Kenya’s central bank (CBK) said on Tuesday it’s going to sell foreign exchange directly to commercial banks in order to stem the volatility of the local currency against the U.S. dollar.
Central Bank of Kenya (CBK) Deputy Governor Haron Sirima told a media briefing in Nairobi that the apex bank’s interventions have slowed down the rate of deprecation of the shilling.
“Kenyan currency has performed better compared to other regional currencies,” Sirima said during the launch of the 2015 foreign Investment Survey.
The shilling is currently trading at approximately 95 to the dollar compared to 90 back in January. Sirima said that in the absence of the interventions, the local currency would have depreciated even further.
He noted that the CBK doesn’t have a target rate for the exchange rate because it is determined by forces of demand and supply. “So we will not defend a particular rate,” he said.
“What we are concerned about is the volatility and the rate at which the shilling is depreciating and appreciating,” he noted.
Sirima said that Kenya’s current account deficit is approximately ten percent of the Gross Domestic Product (GDP) because Kenya’s exports of tea and tourism have been sluggish so far this year.
The central bank official added that over the past four months, the shilling has also been under pressure due to enhanced seasonal demand for the dollar.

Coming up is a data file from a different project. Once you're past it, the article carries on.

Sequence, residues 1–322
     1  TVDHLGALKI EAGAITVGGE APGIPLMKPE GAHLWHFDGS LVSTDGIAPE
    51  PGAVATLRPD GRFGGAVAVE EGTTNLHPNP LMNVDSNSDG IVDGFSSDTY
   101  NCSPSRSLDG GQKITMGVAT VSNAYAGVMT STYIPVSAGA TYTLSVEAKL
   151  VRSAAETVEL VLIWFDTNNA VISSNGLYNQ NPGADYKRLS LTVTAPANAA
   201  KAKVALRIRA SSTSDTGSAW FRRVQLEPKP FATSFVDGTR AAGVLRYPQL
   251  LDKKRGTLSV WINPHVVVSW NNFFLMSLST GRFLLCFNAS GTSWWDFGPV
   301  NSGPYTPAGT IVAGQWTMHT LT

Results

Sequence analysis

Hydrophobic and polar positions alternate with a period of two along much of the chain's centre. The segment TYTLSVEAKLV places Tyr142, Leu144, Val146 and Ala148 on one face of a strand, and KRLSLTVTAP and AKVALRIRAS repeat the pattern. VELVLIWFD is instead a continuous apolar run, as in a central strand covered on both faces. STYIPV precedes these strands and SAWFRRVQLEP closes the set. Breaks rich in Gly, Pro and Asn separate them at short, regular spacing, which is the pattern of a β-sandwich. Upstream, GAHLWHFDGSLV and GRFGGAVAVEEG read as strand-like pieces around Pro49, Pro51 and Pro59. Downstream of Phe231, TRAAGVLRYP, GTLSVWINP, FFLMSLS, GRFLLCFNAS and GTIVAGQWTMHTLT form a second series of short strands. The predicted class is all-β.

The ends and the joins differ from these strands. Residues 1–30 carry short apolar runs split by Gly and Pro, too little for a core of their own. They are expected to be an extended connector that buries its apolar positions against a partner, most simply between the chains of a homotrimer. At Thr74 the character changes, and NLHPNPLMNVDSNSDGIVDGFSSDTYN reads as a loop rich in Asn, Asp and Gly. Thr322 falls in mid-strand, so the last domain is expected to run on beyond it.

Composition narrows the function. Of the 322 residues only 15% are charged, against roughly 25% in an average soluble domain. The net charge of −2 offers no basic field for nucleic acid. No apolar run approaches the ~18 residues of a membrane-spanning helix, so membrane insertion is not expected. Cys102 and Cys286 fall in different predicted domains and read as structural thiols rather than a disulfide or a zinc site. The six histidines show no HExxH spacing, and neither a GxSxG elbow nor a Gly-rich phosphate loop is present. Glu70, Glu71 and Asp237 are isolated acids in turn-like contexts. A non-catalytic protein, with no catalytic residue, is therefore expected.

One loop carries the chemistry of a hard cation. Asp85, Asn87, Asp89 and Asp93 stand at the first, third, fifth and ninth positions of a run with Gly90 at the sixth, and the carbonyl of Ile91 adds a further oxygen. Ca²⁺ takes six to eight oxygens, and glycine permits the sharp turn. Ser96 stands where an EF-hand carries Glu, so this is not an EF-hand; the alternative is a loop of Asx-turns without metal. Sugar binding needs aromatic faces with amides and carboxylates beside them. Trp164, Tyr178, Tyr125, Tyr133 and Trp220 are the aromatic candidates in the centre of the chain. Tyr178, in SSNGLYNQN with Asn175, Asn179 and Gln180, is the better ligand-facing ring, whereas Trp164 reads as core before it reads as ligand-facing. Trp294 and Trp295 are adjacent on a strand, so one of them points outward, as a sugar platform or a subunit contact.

He said that the bank has adopted a tight monetary policy stance to minimize any likelihood of arbitrage activities between interbank and foreign exchange market.
“The bank has also enhanced prudential guidelines for financial institutions on foreign exchange dealings in order to promote transparency as well as to safe guard integrity of banking industry,” he said.
The Cabinet Secretary in the National Treasury Henry Rotich said that increased Diaspora remittances to Kenya as well as a global economic recovery will support the country currency from volatility.
Rotich said that Kenya will continue to monitor the exchange rate to ensure that only genuine demand determines the foreign exchange rate.
He added that there is enough foreign currency reserves to stem the volatility of the exchange rate. The CS added that there are no signs to suggest malpractice in the foreign exchange market.
“The current pressure from speculative behavior cannot be interpreted to mean manipulation of the foreign exchange rate,” Rotich said.
He stated that a key reason for the decline of Kenya shilling is link to trend of the rising dollar against all other major global currencies.
The CS said that Kenya has also signed an agreement with the International Monetary Fund (IMF) for a credit facility to ensure Kenya’s currency is insulated from volatility.
“We are currently doing an assessment that will be finalized in one month’s time to see if we need to tap into the IMF facility,” Rotich said. Enditem